Sony KD55XD8505 IPS 400 1500 to 1 10ms 35ms 120 4 29
Panasonic TX58DX750B SuperMVA 550 4000 to 1
44ms 120 2 + 2 27

Furthermore, with a tip of the hat to manufacturer-specific comparative indices, I decided to develop my own unscientific and proprietary scoring system - points awarded per feature, 6 for the best performer in each category down to 1 for the lowest. . The MediaServer8 index, or MS8i rating, for short!. Of course, even basic specs like brightness and response time are not reported in a consistent fashion and are sometimes not available from the manufacturer. If a figure is unavailable, it gets a 1 point score!

It's no surprise that the Samsung 55KS7000 comes out on top. From my research, it's the one everybody recommends and really is the entry point to the top-tier of the state of the art.  Interestingly though, The Sony XD85 takes second with the Panasonic TX58DX750B something of a surprise in third.

Here's a little more insight into my thinking on each model;

Samsung 55KS7000 (MS8i: 35)

Almost universally recommended as a perfect balance of price and features, this is the only Ultra HD Premium certified set under consideration. Having see it in the flesh, it looks great. Compared it directly to the Sony XD85 which had better colours but more noise and to a Samsung KU series set which was blowing out highlights on the same feed. Overall, the one my head tells me to get, though I'm a little worried by the 1 year warranty and general impression that Samsung is not as good as it used to be.

Sony KD55XD8505 (MS8i: 29)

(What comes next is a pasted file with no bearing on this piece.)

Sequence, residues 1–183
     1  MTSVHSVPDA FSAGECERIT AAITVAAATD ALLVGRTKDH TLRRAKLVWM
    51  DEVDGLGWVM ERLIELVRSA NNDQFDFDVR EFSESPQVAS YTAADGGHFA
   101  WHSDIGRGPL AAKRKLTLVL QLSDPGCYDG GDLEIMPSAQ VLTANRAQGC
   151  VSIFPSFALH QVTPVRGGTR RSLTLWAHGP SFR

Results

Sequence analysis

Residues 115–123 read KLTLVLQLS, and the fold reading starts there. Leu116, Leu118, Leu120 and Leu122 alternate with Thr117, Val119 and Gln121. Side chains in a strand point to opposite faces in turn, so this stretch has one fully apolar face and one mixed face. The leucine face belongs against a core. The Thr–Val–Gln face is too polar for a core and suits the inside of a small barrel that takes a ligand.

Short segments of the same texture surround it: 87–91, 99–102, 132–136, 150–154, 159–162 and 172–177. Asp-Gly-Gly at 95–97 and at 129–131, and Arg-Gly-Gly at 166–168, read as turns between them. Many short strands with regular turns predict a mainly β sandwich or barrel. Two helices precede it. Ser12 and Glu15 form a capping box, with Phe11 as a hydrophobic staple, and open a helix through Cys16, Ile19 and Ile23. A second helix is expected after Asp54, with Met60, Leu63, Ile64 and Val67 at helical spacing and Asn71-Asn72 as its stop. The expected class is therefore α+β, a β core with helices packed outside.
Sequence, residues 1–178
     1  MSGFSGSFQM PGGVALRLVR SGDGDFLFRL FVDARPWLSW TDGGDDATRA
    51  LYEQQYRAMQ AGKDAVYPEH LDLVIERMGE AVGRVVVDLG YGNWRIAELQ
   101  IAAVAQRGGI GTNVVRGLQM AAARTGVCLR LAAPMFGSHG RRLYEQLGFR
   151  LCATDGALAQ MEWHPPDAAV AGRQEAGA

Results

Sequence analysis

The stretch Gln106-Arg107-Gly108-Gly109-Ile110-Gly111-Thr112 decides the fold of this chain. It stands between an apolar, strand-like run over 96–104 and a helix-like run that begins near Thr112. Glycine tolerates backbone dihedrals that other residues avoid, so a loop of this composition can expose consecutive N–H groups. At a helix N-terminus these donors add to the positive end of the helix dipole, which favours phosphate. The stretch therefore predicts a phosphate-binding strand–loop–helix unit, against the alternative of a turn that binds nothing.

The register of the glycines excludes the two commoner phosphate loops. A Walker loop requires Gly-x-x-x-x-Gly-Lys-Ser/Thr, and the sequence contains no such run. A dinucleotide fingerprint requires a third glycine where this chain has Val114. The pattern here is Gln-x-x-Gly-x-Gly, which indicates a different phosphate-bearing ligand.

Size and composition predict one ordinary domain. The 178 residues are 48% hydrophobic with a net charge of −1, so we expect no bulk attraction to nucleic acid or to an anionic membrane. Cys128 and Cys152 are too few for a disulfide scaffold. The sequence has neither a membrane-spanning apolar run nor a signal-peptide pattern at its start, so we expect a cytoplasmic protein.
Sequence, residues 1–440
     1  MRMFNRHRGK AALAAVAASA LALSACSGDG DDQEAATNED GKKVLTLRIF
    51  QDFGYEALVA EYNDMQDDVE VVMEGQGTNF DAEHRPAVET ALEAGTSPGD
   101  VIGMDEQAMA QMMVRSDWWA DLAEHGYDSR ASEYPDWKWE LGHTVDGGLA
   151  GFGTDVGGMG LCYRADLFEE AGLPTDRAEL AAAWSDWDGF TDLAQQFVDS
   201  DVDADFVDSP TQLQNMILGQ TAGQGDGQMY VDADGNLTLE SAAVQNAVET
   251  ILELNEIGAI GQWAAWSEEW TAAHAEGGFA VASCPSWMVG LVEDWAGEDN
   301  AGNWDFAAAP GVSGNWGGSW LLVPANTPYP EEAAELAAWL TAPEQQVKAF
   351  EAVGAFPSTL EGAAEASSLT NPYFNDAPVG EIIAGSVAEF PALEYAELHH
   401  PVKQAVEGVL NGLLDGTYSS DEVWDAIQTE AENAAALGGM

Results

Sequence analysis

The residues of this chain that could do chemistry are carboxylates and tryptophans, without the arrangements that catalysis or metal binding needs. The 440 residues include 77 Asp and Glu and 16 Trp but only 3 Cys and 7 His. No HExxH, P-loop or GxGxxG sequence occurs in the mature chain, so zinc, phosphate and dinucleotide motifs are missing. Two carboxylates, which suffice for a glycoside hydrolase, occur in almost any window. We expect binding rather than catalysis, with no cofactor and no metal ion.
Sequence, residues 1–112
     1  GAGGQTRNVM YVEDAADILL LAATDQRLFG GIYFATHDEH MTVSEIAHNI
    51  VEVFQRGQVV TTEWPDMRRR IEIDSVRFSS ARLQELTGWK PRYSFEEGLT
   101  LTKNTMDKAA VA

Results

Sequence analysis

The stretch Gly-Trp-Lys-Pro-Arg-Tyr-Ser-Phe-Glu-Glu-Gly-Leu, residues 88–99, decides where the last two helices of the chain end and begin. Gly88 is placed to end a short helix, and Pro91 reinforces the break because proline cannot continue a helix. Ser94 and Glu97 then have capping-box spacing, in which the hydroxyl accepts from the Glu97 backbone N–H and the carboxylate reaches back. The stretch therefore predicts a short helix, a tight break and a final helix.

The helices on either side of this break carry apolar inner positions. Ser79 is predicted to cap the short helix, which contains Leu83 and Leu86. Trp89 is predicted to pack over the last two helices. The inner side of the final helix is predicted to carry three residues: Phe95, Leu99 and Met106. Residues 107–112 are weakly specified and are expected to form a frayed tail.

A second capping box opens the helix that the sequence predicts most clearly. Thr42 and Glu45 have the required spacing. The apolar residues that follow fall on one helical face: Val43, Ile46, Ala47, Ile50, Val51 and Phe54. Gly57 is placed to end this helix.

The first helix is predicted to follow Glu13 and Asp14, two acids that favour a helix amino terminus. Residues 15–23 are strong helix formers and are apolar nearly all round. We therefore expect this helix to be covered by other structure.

The one my heart says to go for! I'm used to Sony and they do stand up to the ravages of time. This has Android OS which would fit in well to my whole-house eco-system. It comes with a 5 year warranty and great colour reproduction but I'm seriously worried about the artefacts I could see in a direct comparison with the Samsung KS7000.

Panasonic TX58DX750B (MS8i: 27)

A set I haven't seen but a contender on merit - it scores well here and I was impressed with the Panasonic DS500 loaner we had for a few days. At 58 inches though, it may be a little big for the room. Ticks a lot of boxes though and has the same contrast ratio as the Samsung KS7000. Has the highest input lag though, and only two of it's four HDMI inputs are version 2.0.

LG 55UH770V (MS8i: 25)

Another unseen specimen, this gets on the list as the step up from the 661V, with higher native panel frequency and generally better spec.

Sony KD55XD8005 (MS8i: 18)

Lower spec. version of the XD85. Still with Android and those great colours but let down by lower Hz and higher input lag. Still an attractive proposition though when cost/benefit comes in to play.

LG 55UH661V (MS8i: 15)

A low score, mostly because I cannot find much detail on brightness, contrast or response times. The cheapest of the bunch though and a contender if I decice to go for the lowest-spec option with a view to upgrading in a year or 2. I feel this would give the initial wow factor but I'd be sorry after a few months!